SOUNDBREAKING is an eight-part series that explores the art of music recording, and offers a behind-the-scenes look at the birth of brand new sounds. Featuring more than 160 original interviews with some of the most celebrated recording artists of all time, Soundbreaking explores the nexus of cutting-edge technology and human artistry that has created the soundtrack of our lives.
SOUNDBREAKING | Official Trailer
EPISODE ONE: THE ART OF RECORDING
Featured Stories:Soundbreaking begins where a recording does––at the intersection of inspiration and execution. There stands the enigmatic figure of the record producer, the person charged with the critical task of both realizing an artist’s vision and capturing it for posterity. Profiling some of the most accomplished and revered producers in the recording industry, Episode One offers a study in contrasting styles and approaches. In the process, The Recording Artist underscores the way in which any music recording is the product of a delicate and infinitely variable balance between man and machine.
Full Episode available here at the link until 11/28/16George Martin and his work with the Beatles at Abbey Road.
Interviews: Ringo Starr, George Martin, Brian Eno, Giles Martin, Rick Rubin, Tony Visconti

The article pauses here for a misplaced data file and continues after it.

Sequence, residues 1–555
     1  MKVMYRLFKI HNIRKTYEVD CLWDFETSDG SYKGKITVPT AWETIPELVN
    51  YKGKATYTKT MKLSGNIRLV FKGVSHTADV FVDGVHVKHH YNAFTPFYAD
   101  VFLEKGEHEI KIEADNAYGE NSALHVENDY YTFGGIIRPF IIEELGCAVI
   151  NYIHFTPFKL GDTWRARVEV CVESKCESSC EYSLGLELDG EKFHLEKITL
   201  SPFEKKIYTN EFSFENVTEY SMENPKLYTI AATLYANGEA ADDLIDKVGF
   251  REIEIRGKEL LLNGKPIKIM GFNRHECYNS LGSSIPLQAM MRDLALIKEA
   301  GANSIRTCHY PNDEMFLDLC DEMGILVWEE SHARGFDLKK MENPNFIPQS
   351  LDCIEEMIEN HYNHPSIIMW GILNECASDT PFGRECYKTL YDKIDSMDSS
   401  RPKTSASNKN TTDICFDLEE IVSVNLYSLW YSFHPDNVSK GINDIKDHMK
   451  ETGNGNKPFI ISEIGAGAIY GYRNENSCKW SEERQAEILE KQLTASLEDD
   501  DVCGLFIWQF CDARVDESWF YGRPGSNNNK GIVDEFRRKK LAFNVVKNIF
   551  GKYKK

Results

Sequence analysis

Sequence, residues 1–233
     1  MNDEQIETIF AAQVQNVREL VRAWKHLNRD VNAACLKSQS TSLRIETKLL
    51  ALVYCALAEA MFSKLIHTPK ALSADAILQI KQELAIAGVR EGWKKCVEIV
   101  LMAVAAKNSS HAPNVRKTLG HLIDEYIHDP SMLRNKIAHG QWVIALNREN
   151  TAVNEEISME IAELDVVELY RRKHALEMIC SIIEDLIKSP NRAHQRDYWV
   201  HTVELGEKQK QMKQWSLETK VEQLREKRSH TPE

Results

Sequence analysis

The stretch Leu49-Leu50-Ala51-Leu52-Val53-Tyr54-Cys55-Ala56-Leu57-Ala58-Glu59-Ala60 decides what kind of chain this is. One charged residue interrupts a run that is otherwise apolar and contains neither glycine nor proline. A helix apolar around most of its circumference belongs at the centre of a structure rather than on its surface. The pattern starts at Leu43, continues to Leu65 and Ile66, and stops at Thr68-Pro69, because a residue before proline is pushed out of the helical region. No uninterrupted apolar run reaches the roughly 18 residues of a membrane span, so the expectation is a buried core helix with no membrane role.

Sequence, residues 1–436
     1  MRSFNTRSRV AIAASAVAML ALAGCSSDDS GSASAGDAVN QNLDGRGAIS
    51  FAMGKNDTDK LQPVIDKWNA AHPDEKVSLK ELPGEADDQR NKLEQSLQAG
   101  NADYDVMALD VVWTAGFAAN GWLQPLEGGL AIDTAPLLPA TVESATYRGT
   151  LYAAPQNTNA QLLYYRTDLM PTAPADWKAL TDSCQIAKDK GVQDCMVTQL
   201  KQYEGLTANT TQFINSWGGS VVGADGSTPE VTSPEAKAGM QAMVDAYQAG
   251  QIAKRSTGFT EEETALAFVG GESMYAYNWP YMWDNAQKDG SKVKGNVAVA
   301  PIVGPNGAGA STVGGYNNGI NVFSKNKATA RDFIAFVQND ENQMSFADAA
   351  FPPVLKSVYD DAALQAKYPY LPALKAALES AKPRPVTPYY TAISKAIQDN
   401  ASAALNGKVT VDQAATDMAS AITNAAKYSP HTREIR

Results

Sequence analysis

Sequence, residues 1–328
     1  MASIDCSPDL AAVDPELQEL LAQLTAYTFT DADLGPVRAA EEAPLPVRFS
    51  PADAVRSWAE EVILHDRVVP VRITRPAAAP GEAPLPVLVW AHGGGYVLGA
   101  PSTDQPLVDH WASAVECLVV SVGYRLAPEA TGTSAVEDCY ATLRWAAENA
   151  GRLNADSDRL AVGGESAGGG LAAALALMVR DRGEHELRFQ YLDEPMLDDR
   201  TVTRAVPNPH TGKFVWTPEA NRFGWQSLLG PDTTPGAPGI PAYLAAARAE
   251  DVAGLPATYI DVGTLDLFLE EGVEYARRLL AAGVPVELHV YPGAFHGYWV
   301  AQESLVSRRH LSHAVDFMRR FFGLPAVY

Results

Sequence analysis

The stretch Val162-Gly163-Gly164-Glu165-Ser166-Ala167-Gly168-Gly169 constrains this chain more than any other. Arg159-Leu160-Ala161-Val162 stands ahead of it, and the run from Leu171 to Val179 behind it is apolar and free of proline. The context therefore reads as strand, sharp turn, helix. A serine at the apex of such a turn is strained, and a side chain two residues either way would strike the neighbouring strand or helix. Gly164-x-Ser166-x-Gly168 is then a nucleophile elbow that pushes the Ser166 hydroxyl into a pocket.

Songs: “Please Please Me,” “Yesterday”, “Eleanor Rigby”
The story of Dr. Dre as the most influential producer in hip hop
Interviews: Questlove, Jimmy Iovine, RZA, Q Tip, Dr. Luke
Rick Rubin’s revitalization of Johnny Cash’s career in the 1990s
Interviews: Rick Rubin, Johnny Cash (archive), Rosanne Cash, Tom Petty
Songs: “Rusty Cage”, “I Don’t Hurt Anymore”
EPISODE TWO: PAINTING WITH SOUND
Featured Stories:“Painting with Sound” chronicles a watershed event in the history of music: the moment when the recording studio itself effectively became an instrument and gave rise to sounds that could never be reproduced live. Beginning with the advent of magnetic tape and multi-tracking technology, episode 2 charts the evolution of multi-track recording, and reveals how recording artists such as the Beatles, the Beach Boys and Pink Floyd used their imagination and ingenuity to transform the sound of popular music.
Full Episode available here at the link until 11/28/16George Martin and the Beatles’ groundbreaking work in the recording studio changes pop music forever.
Interviews: George Martin, Ringo Starr, Paul McCartney, Elton John, Brian Eno, Tom Petty, Rick Rubin, Tony Visconti, Nigel Godrich
Songs: “I Saw Her Standing There,” “Rain” “Tomorrow Never Knows”, “Within You Without You” “A Day in the Life”
Brian Wilson takes the Beach Boys to new heights with “Pet Sounds”
Interviews: Don Was, Hal Blaine, Carol Kaye, Paul McCartney
Songs: “Good Vibrations”, “God Only Knows”, “Wouldn’t It Be Nice”
The Eurythmics talk about recording their first album at home on a simple analog machine instead of in a big traditional studio setting.